“Flora and the Elephant” by Rinda Hayes
Flora and the Elephant
When I met Flora Mutiso in 2009, I was stunned by her story. A devoted student, she had arisen early in the dark, like so many children in the bush do, and she had started off to school with her siblings. It was just beginning to get light, when suddenly the crash of elephants broke the stillness of the air. Flora was the one they got, as the other children scattered and went for help. She was lucky. Humans seldom survive encounters with elephants, but her face was smashed and her scalp torn open. The brain injury that resulted took her years to recover from.
When I first met her, four years after her accident, she was still recovering. Her speech was delayed. A dedicated teacher had brought her to me, hoping we could sponsor her. “She’s such a bright girl”, teacher Carolyn had said. “But she is still recovering. Please talk to her. Give her time to respond because it takes a while for her speech to catch up to her thoughts.” And she was right. The words came slowly, but Flora’s thoughts were clear. Her determination was palpable.
For years after meeting Flora, I would report in presentations about meeting her, hearing her story of terror and triumph. She became our poster child of sorts.
She had overcome such odds, her accident on top of the extreme poverty of her family. She had repeated class 7 and 8 in order to improve her score on the national exam so she could qualify to go to University. She did not want a college, she wanted the top. And she paid the price, living in a dark, cement room, sleeping on the floor, daring to leave her room at night to use the common toilet in the ground. She had ended up scoring well, which allowed her to go to the University of Nairobi to pursue her long-held dream of studying to be a math and chemistry teacher in secondary school. There were far too few female teachers to be found in that field. She not only loved the subjects, but hoped to be able to empower girls in the sciences.
It had been years since I’d seen her. I’d heard she had done very well in university, had received her degree, met and married a good young man who was an environmental activist. I had requested that she try to come see our team, as I missed her and her early sponsor, Susan Goodwin, was on our team. Susan had longed to meet her.
Flora said she’d love to come. Years later, there she was, with a three- year-old son, looking more mature. Very thin. But Flora. Still the scar on her face, the right side of her nose still flattened, long crescent scar on her head. And a huge smile.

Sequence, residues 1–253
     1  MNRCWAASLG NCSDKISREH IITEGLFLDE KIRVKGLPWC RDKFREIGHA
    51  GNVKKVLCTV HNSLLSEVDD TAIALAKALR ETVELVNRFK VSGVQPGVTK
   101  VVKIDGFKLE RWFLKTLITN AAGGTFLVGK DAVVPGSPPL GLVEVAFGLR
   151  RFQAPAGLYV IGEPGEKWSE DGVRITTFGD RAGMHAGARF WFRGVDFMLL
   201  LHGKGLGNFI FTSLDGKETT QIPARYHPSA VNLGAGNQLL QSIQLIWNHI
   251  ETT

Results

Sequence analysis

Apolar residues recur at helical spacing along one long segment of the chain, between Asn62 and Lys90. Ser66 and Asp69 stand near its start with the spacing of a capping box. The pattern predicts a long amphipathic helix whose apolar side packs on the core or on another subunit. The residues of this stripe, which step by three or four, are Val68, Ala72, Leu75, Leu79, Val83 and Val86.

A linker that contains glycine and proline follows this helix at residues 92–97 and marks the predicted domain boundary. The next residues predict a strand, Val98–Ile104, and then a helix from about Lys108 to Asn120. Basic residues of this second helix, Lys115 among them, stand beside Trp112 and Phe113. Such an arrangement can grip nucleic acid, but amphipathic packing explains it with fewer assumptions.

The tears came for me, as they often do, when I see a student, once a child, grown into firm adulthood. We reminisced. She told me of her current situation; rising at 4:30 am, teaching at Machakos Secondary school, one of the top in the nation, from 6AM until 4 PM, then remaining at school to help the students with their night- time Preps, which is more studying. The schedule these students keep is simply unimaginable in our world. People simply don’t believe it when I tell them. But it is true. The “learning” as they call it, not studying, goes on for 15 hours a day. And Flora also holds special “preps” on Sat. mornings and Sunday evenings.
“We Kenyans must work very hard, Mama Rinda”, she said. “Without hard work, we will never be able to make it to a new life.” I shake my head in awe. “It’s true! We need to work hard. But I love it! I love my students. I love teaching Maths and Chemistry, indeed, I’m the only Madame teacher in the science department. And I would never be there if it weren’t for Kenya Keys. They saved me! Sponsorship saved me! I am most grateful.”
She had traveled 14 hours to see me and Susan. She and her three year old son traveled from Machakos to Nairboi then boarded the night bus from Nairobi to Mombasa, then another two hours in a small public, overcrowded van (matatu). She had three hours to spend with us before she turned around and repeated the trip in reverse: fourteen hours back, so she could get back in the classroom by the next morning.
An elephant couldn’t stop this girl, but poverty came close to stopping her. Thank you to the American sponsors who set her free. She will teach and inspire countless girls in her years as a teacher. They will not only feel her love and strength, but they will see that girls, math, and chemistry can be lovely friends.
Rinda Hayes is the co-founder and director of Kenya Keys. She has dedicated the last 13 years of her life to developing and growing this amazing organization, changing the lives of hundreds of young Kenyan students, their families, and their communities.
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